Law Scholars Go to Washington, D.C.
UM Carey Law Associate Professor Deborah Eisenberg, JD, traveled
to Washington, D.C., on April 1 to testify
before the U.S. Senate Committee on Health, Education, Labor, and
Pensions during a hearing on the Paycheck Fairness Act--a bill to reduce
the gender-based pay discrimination.
"Pay secrecy has allowed unlawful pay disparities between men and women
performing the same jobs to flourish, undetected and undeterred,"
Eisenberg said at the hearing "Access to Justice: Ensuring Equal
Pay with the Paycheck Fairness Act." Senator and UM School of Social Work alumna Barbara Mikulski, MSW '65,
chaired the hearing.
"Many women don't know that drastic pay disparities exist between them
and their male coworkers until they find out by accident," said
Eisenberg, who directs UM
Carey's Center for Dispute Resolution, (C-DRUM), a
nationally acclaimed program that helps Marylanders, from elementary
school students to landlords and tenants, resolve their differences.
"In some cases, women have discovered that men they have been
supervising make substantially more than they do when those men ask
them for raises, or when pay rates have appeared publicly in court
Eisenberg noted that using prior salaries as a defense for current pay
inequities makes it difficult for women to achieve pay parity with men
because, in most cases, women earn less than their male colleagues. She
reiterated the often-cited statistic that women who work full-time,
year-round, earn about 77 cents for every dollar earned by their male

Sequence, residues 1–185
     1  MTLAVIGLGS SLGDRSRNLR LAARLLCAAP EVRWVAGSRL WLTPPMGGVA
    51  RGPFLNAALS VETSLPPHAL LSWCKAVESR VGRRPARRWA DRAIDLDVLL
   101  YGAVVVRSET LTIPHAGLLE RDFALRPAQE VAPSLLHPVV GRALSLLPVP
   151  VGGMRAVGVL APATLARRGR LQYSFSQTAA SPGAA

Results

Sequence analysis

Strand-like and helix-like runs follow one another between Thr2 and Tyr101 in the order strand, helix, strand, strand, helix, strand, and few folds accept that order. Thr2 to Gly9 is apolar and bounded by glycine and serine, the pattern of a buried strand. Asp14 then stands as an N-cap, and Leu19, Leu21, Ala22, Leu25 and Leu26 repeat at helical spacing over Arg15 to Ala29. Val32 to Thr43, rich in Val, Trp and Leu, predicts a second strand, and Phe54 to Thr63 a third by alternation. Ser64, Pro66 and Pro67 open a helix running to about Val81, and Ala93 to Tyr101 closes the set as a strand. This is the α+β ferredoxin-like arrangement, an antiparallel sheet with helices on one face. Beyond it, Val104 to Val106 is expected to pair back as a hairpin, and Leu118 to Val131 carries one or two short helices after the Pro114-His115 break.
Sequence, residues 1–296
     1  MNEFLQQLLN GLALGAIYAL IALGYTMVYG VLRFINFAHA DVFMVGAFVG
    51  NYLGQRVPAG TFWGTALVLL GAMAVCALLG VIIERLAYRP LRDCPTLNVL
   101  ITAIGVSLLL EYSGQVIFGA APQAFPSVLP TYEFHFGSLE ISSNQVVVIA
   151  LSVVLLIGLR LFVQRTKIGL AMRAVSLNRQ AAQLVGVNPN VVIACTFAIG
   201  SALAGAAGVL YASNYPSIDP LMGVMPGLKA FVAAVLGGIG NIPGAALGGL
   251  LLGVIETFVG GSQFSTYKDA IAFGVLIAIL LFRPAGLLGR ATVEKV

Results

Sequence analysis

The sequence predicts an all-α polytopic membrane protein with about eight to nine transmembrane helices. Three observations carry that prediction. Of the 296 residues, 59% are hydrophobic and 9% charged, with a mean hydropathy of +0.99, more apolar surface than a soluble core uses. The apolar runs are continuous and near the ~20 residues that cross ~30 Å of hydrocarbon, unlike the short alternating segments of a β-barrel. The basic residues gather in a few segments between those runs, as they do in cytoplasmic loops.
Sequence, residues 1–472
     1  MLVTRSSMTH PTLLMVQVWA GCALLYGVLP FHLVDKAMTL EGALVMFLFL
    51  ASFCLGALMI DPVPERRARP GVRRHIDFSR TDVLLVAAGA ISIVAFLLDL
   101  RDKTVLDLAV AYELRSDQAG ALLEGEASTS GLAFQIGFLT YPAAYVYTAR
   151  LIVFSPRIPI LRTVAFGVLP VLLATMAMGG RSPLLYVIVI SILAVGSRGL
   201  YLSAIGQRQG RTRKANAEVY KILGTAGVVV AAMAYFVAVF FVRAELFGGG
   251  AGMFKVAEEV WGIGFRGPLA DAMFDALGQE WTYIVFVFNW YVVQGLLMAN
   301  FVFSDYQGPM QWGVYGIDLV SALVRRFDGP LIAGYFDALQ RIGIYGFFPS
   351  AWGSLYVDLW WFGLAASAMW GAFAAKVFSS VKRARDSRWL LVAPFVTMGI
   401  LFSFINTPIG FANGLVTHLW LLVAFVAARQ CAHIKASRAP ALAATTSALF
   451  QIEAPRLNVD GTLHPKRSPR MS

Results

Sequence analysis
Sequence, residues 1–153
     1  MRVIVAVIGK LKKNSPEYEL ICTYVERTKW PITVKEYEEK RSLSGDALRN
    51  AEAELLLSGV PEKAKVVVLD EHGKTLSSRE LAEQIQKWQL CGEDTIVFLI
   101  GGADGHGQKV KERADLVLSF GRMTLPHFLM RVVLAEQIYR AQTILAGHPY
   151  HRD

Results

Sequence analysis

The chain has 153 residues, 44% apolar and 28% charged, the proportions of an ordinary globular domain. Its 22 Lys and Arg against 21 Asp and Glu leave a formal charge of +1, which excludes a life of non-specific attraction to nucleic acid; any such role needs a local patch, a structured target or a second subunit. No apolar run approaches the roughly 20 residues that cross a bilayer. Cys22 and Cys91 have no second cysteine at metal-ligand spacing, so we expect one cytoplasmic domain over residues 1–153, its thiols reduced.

According to Mikulski, the wage gap between women and men working
equivalent jobs costs women and their families $434,000 over their
The overall wage gap is only the "tip of the iceberg," said Eisenberg.
"Women at every wage level and in nearly every industry experience a
On April 8,
Robert Percival, JD, MA, the
Robert F. Stanton Professor of Law and director of the UM Carey Environmental Law Program
before the House of Representatives Committee on Natural Resources
during a hearing on proposed amendments to the Endangered Species Act
"The ESA has been recognized as one of the most profound moral
accomplishments of the human race," Percival told the committee. "It
creates a presumption that humans should avoid activity that would harm
endangered species and that federal agencies should avoid actions
likely to jeopardize species' continued existence."
Percival is the principal author of Environmental
Regulation: Law, Science & Policy, the most widely used
environmental law casebook in U.S. law schools. He testified against
proposed amendments that would create new publication and disclosure
requirements for agencies implementing the ESA. He also opposed more
restrictive standards for paying legal fees.
"The ability of citizen groups and businesses to go to court to hold
agencies accountable is one of the most important features of our legal
system that makes it the envy of the world," said Percival.
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